LOSPALOS, East Timor — The two scientists, crammed in the back of a sweltering car, had come a long way hoping to encounter what most people try to avoid: man-eating crocodiles.
Yusuke Fukuda and Sam Banks, biologists from Australia, traveled in March to East Timor, one of the world’s least developed countries, to investigate what has become a deadly national mystery: Why are so many Timorese being killed by crocodiles?
Crocodile attacks here have increased 20-fold in the past decade, numbering at least one death a month in a country of 1.2 million people.
“We became concerned after many people were taken by crocodiles in East Timor,” said Mr. Fukuda, a Ph.D. candidate at Australian National University in Darwin, adding that it had taken years of bureaucratic wrangling between the researchers and the governments in both Australia and East Timor to be permitted to conduct research.
The people of East Timor, also know as Timor-Leste, have for centuries revered and even worshiped crocodiles.
The country’s origin myth is about the crocodile Lafaek Diak, who out of friendship for a human boy sacrificed itself to become the child’s home — the island of Timor, with each scaly bump on its back turning into a mountain.
Timorese call crocodiles “abo,” the Tetum-language word for grandparent, and killing them is culturally taboo as well as illegal.
The animals are so admired here that victims of attacks are often too ashamed to report them, which is why many believe the actual number of attacks is higher than the official statistics suggests.
The Timorese most at risk from crocodiles are those living on the banks of the countless riverways of this island, or along its coast. Using the rivers — whether to collect water, fish for food, bathe or do laundry — is a part of their daily life.
Researchers have found that nearly 83 percent of those attacked in East Timor in the past 11 years were subsistence fishing, using small canoes or wading in the water.
Many locals do not believe that native crocodiles are behind the increase in attacks; they blame migrants, or murderous “troublemakers,” who they say play by a different set of rules than the local “grandfathers.”
Demetrio Carvalho, East Timor’s secretary of state, summed up the theory. “The people believe that these crocs are our ancestors, and ancestors don’t go attacking people,” he said. “Our grandparents don’t kill us.”
Enter the Australian researchers. After a bumpy eight-hour journey along the roads of East Timor’s northern coast, the men arrived in the isolated town of Lospalos, home to some of the biggest and most dangerous crocodiles in the country.
Their goal was to test the locals’ theory by trying to determine whether the killer crocs were saltwater crocodiles from Australia, one of that country’s most feared and dangerous animals.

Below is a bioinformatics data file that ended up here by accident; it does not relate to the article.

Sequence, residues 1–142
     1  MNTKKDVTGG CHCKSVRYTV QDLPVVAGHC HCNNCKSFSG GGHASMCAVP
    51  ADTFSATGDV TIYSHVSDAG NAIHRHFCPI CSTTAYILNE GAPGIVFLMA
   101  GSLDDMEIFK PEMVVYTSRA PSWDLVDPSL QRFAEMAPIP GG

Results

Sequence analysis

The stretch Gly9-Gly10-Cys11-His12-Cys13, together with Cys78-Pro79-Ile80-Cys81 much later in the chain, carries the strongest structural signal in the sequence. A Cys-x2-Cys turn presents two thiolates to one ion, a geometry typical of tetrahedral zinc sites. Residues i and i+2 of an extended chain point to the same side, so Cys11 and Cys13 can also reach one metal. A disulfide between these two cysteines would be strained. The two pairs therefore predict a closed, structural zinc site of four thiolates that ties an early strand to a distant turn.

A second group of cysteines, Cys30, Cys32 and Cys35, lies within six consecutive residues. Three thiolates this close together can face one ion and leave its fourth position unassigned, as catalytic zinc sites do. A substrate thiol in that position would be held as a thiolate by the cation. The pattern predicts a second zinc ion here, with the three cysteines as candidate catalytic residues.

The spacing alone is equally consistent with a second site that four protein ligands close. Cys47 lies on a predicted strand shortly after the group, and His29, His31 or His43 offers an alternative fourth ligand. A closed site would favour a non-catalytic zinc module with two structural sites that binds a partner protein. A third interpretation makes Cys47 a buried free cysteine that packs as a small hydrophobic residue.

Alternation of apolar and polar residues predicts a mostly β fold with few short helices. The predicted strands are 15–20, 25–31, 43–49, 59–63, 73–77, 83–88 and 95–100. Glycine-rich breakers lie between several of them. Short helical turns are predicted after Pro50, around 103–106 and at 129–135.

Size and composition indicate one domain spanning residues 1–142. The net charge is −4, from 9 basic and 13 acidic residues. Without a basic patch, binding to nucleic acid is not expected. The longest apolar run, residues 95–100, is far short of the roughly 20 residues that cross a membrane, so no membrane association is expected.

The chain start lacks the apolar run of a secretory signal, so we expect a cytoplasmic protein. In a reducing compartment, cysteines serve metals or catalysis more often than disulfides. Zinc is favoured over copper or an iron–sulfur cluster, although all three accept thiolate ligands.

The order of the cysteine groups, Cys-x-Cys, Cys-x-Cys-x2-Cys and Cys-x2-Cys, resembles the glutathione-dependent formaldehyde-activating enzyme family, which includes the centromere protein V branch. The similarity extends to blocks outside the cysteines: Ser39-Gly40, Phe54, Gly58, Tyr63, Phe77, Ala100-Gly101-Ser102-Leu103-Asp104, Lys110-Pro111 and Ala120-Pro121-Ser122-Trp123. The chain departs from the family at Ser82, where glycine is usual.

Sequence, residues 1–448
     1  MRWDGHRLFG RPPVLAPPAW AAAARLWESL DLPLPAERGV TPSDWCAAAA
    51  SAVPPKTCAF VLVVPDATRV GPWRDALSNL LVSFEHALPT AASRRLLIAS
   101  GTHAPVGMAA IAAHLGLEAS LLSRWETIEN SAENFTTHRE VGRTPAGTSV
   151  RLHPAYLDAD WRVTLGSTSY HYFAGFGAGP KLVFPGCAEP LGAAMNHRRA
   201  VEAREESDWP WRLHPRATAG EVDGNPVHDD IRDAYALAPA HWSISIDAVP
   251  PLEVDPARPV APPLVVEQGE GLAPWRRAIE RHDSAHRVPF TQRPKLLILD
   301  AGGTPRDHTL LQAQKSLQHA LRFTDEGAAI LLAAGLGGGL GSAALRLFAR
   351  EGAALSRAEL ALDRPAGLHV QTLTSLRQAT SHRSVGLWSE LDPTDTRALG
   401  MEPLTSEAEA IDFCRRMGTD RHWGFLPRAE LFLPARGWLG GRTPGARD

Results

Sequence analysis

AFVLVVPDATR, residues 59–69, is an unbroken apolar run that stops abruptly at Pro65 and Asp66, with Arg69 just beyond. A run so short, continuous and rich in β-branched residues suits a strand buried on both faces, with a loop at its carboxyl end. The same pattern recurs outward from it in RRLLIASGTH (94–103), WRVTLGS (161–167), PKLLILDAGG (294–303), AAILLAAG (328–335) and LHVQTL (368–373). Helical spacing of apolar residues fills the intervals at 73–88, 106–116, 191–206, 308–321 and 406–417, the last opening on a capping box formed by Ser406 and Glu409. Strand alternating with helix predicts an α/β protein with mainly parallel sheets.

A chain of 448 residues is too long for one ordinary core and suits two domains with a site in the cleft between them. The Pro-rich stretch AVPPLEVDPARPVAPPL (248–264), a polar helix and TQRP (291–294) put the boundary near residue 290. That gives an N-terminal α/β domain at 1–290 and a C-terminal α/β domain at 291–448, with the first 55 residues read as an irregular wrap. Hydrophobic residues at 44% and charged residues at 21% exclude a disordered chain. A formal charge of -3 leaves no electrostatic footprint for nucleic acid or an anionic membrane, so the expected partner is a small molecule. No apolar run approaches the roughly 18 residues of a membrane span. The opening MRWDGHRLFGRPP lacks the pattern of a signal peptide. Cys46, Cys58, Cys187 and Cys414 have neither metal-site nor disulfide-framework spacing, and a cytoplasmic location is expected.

After poaching was banned in Australia in the 1970s, saltwater crocodile populations exploded. The animals have recently been found in areas that were previously considered unsuitable or too remote.
East Timor is about 280 miles from the animals’ regular range in northern Australia, a lengthy but manageable swim for a powerful animal that can grow up to 20 feet long and weigh more than 2,000 pounds.
“After several days swimming, these crocs would be very hungry and dangerous to come across,” said Mr. Fukuda, the researcher.
To test the migration theory, Mr. Fukuda and Professor Banks planned to collect DNA samples from a number of crocodiles.
But taking a DNA sample from a crocodile is a far riskier proposition than your typical home heredity kit.
For obvious reasons, swabbing the inside of a crocodile’s cheek is not an option. Instead, the scientists must penetrate a croc’s leathery hide using a needle attached to a 12-foot long aluminum rod, which is known as a biopsy pole.
To do that successfully often requires wading into the water — at night.
To help find and stick the crocodiles, the researchers enlisted the help of several locals, including Vitorino De Araujo.
Mr. De Araujo, 37, works as a firefighter, but is known in town as the person to call when there has been a crocodile attack or if a member of the community has disappeared near the water. He will enter the swamp and retrieve what is left of a body.
He is seen as a spiritual leader in the community with an almost supernatural relationship to the animals: a crocodile whisperer.
As the sun set on the first night the scientists arrived in Lospalos, the team headed into the swamp.
Through the darkness, they spotted two glistening dots reflecting the light of their headlamps and floating just above the surface of the water — crocodile eyes. Based on the distance between the croc’s eyes, Professor Banks estimated its total length: 12 feet, a big one.
Mr. De Araujo grabbed the biopsy pole, and took off, bare foot into the dark swamp. After minutes of silence, he lunged at something and let out a shriek. He had landed his first jab.
Moments later, he waded out of the water to show the group his result. The needle was bent, but contained a tiny, three-millimeter sample.
For the next six days, the team searched for animals to test. They lanced wild crocodiles, but also retrieved samples from crocs that were being held as pets, mascots or lucky charms. They ended up with 17 good samples.
Mr. Fukuda planned to take the samples back to Australia for testing but he first had to get back on Timor’s ragged coastal roads and head to Dili, the capital.
He was halfway there, when his driver stopped for a crowd gathered by the edge of the ocean.
A police officer beckoned the scientist to show him a set of items that had washed up on the beach — goggles, a spear gun and a torn pair of swim trunks.
They belonged to Agostinu da Cunya, a 17-year-old who went spearfishing the evening before with his brother while their father waited for them on the shore.
The boy, his family said, had been attacked by a crocodile. He was never seen again.